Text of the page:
CONSUMER REPORTS: How to help your kids eat healthy when eating out
YONKERS, New York (Consumer Reports) —
A new study from The American Journal of Preventive Medicine says restaurants have made little progress in making their kids' meals healthier. So Consumer Reports' health experts have some tips.
Katy Lough takes her young children out to eat for fun, but wants them to eat healthy foods.
"I usually like my kids to eat some sort of protein, some sort of fruit, we can sneak a vegetable in there," said Katy.
But scoping out the best options can be a challenge for parents and kids. According to the Department of Agriculture, the average kid's meal with an entree, side, beverage and dessert has about 1,000 calories. And that's actually close to the amount that an 8-year old should have in an entire day.
Consumer Reports food experts have some tips for dining out healthier.
First: share something from the regular menu with your child.
Portions are generally oversized anyway, and you'll both eat better as a result. Or a healthy appetizer or salad might make a full meal for your child.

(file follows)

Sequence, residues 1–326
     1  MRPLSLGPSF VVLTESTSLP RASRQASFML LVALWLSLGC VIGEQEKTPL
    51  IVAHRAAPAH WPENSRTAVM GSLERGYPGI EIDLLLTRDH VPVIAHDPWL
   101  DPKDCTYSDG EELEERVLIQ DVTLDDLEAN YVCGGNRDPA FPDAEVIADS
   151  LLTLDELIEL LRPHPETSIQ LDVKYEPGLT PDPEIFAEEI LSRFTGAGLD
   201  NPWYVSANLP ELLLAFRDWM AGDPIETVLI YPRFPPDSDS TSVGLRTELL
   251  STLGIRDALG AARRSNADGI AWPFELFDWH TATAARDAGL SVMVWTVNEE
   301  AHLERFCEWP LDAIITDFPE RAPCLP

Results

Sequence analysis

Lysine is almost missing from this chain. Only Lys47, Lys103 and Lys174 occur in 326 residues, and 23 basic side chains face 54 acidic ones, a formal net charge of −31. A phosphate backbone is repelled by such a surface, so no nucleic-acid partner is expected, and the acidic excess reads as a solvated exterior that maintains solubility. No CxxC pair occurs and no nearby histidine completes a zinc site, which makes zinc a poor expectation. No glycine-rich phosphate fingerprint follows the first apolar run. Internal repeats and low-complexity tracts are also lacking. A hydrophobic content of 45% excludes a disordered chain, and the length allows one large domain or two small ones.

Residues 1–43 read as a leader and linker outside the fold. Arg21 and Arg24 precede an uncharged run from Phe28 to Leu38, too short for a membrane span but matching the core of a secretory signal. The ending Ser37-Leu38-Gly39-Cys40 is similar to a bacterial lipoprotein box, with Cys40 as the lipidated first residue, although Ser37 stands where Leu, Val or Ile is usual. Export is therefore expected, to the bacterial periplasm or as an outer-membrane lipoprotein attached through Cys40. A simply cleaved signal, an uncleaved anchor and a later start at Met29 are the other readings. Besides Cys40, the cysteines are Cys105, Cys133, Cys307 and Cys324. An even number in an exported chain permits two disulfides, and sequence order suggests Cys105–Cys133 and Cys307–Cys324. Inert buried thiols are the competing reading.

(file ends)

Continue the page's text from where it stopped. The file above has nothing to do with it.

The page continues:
It's really not enough to just make a healthy entree choice. The sides, drinks and desserts can actually pack a lot of calories, fats and sodium. Ask your server to substitute fruit for fries, or milk instead of juice.
And skip the sauce. CR's nutritionists warn that anything with cheese or a creamy sauce is probably loaded with fat.
Finally, many restaurants' kid-sized desserts have as many calories as an entree and double the saturated fat. So consider ordering just one for everyone to share.
If you are dining at a chain, look for a little apple logo next to certain items on the kid's menu. Those are from the Kids Livewell program, started by National Restaurant Association. Participants offer at least one meal and one side dish that meet healthful nutritional guidelines, so encourage your child to go for that.